The agonizing correspondence between Jewish family members ensnared in the Nazi grip and their American relatives
Just a week after the Kristallnacht terror in 1938, young Luzie Hatch, a German Jew, fled Berlin to resettle in New York. Her rescuer was an American-born cousin and industrialist, Arnold Hatch. Arnold spoke no German, so Luzie quickly became translator, intermediary, and advocate for family left behind. Soon an unending stream of desperate requests from German relatives made their way to Arnold’s desk.
Luzie Hatch had faithfully preserved her letters both to and from far-flung relatives during the World War II era as well as copies of letters written on their behalf. This extraordinary collection, now housed at the American Jewish Committee Archives, serves as the framework for Exit Berlin. Charlotte R. Bonelli offers a vantage point rich with historical context, from biographical information about the correspondents to background on U.S. immigration laws, conditions at the Vichy internment camps, refuge in Shanghai, and many other topics, thus transforming the letters into a riveting narrative.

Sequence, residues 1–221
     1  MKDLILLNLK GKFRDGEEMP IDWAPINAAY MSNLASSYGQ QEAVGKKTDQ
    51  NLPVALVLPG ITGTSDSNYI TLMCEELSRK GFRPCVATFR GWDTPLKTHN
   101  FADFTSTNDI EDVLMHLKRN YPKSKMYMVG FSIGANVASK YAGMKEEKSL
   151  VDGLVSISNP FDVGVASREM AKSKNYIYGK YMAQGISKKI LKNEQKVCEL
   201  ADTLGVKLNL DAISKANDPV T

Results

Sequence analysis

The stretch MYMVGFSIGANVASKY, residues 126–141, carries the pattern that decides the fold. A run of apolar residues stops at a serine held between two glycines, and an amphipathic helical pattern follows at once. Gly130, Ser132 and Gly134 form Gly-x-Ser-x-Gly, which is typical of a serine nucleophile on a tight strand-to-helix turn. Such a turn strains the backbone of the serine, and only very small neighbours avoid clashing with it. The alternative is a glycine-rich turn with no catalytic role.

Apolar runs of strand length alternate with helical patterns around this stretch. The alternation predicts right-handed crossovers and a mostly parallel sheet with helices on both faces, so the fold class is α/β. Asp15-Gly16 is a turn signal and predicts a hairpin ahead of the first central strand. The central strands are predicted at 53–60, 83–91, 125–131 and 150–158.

Arnold’s letters reveal an unfamiliar side of Holocaust history. His are the responses of an “average” American Jew, struggling to keep his own business afloat while also assisting dozens of relatives trapped abroad—most of whom he had never met and whose deathly situation he could not fully comprehend. This book contributes importantly to historical understanding while also uncovering the dramatic story of one besieged family confronting unimaginable evil.